Nov 17, 2022

Copyright and Artificial Intelligence: An Exceptional Tale

Posted by in categories: economics, government, law, robotics/AI

As the US government begins to consider some of the legal implications for copyright in connection with the development and deployment of artificial intelligence, it is important to first step back to ensure that we are properly guided by context and a proper understanding of our goals — grounded in an informed grasp of the relationship of copyright to the development of AI, and a fair observation of the state of legal developments around the world. Far too many observers have oversimplified how various countries have addressed the relationship between copyright and AI. The reality is that all who have done so have rejected the notion that copyright is not implicated, and have developed legal norms which carefully limit the scope of any exceptions with an eye towards facilitating licensing, even when they seek to expand the development of AI as a national economic imperative.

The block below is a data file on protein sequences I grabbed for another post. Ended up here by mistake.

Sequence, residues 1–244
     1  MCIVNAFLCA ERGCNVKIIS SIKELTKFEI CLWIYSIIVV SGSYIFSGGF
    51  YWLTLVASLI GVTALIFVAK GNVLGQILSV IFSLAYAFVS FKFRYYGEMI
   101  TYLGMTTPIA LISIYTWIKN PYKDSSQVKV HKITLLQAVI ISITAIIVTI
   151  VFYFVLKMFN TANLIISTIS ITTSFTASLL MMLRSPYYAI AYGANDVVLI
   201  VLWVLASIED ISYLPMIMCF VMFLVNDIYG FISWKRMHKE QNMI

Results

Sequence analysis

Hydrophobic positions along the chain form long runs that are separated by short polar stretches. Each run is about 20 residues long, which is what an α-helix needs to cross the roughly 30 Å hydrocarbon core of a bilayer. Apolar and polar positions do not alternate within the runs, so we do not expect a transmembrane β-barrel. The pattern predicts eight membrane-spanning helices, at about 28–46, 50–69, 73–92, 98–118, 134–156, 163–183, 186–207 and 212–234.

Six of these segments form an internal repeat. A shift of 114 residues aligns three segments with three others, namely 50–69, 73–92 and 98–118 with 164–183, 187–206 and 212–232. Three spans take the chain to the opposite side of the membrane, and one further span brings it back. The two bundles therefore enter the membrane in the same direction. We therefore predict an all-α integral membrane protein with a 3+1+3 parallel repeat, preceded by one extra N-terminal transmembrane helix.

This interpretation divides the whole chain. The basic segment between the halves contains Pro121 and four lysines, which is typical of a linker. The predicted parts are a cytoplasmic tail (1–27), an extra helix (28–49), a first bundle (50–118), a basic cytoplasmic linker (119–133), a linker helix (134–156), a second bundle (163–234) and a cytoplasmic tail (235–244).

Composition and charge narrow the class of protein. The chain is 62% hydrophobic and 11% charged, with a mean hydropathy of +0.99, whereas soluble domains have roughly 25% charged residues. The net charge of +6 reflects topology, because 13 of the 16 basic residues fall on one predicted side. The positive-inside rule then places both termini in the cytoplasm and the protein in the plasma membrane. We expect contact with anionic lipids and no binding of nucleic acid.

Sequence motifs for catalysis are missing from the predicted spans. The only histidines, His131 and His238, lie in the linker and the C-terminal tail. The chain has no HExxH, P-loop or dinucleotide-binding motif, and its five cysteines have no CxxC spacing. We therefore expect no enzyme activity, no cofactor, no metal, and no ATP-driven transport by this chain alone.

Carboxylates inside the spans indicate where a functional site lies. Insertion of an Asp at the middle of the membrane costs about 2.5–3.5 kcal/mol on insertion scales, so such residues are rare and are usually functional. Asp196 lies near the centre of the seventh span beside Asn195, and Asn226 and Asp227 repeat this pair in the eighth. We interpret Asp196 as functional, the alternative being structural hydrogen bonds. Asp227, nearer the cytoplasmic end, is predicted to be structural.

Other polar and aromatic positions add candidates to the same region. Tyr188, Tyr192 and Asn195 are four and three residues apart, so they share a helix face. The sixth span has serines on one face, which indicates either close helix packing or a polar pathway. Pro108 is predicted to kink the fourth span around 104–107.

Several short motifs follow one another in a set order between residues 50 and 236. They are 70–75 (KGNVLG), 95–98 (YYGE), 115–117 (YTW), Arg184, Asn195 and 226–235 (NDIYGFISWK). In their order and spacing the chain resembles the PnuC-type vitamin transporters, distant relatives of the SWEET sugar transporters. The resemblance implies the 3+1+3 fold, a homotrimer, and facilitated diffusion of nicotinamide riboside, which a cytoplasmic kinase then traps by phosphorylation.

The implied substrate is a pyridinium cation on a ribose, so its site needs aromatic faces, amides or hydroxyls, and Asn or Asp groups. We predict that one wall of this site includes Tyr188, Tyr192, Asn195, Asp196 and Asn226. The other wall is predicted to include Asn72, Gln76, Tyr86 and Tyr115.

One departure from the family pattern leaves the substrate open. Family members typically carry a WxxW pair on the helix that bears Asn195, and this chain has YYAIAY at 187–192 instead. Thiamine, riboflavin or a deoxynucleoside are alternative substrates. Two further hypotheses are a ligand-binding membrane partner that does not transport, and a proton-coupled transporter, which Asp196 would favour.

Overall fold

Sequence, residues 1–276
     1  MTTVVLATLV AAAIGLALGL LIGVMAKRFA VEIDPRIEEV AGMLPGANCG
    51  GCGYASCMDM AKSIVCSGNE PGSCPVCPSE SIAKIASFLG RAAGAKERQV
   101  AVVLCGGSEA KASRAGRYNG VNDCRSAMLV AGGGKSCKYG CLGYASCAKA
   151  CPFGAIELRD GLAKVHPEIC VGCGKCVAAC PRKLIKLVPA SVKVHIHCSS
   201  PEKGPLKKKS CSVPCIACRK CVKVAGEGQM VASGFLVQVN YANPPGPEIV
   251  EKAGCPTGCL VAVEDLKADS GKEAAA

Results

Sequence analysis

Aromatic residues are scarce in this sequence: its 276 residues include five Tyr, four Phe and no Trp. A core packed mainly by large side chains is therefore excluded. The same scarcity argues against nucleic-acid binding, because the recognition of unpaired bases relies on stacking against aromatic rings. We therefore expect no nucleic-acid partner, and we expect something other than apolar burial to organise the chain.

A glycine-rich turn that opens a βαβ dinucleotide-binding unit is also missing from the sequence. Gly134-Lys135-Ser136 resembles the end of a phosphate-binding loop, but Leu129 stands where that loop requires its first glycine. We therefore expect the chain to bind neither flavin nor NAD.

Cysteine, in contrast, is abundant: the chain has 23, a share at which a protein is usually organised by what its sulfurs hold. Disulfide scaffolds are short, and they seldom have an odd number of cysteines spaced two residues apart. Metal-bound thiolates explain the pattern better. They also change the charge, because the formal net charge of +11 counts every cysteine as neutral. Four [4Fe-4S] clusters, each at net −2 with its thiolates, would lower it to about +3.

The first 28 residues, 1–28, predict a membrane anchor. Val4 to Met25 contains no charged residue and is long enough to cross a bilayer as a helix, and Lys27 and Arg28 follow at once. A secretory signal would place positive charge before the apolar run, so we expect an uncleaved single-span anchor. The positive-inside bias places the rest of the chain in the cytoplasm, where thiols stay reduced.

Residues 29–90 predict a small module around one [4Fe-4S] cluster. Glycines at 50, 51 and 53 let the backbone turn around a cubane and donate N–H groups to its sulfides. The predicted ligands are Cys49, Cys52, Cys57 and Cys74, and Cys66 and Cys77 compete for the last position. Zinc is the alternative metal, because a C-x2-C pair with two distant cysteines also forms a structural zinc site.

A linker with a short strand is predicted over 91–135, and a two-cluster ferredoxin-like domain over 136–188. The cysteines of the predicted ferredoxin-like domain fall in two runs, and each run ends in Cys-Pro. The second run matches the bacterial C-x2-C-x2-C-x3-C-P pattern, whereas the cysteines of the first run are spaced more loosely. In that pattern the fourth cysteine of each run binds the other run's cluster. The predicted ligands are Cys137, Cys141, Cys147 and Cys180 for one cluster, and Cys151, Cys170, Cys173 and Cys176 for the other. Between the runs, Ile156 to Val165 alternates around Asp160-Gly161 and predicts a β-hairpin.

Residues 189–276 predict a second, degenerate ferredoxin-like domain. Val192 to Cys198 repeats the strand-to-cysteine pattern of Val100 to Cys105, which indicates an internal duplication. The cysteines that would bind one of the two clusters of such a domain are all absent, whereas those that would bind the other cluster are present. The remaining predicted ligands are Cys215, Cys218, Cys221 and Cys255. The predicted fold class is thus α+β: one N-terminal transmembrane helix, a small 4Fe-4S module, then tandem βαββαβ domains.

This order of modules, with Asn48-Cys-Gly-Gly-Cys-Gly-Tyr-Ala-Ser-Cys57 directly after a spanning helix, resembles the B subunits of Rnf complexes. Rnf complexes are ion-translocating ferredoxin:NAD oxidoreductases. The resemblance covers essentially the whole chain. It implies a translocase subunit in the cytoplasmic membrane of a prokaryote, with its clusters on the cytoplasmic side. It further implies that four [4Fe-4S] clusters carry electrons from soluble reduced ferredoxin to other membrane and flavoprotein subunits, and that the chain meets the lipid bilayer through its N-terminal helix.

I have written about the approach taken by the EU in the updated Copyright Directive, and note here that despite claims about Japan’s legislation, even their provisions — as manifested in the 2018 amendments, are designed to avoid conflict with the legitimate interests of copyright owners. While I don’t necessarily agree with Japan’s approach, it is important to highlight that even its exceptions, as I understand them: recognize that text and data mining/machine learning does in fact implicate copyright; apply only to materials that have been lawfully acquired; require that the use of each work is “minor” relative to the TDM effort; and provide that license terms must be honored. While it remains unclear to me that Japan’s goal of respecting copyright as required by international law has been achieved, it is important to understand that claims that Japan has removed copyright as an issue that must be addressed in the development of AI are inaccurate.

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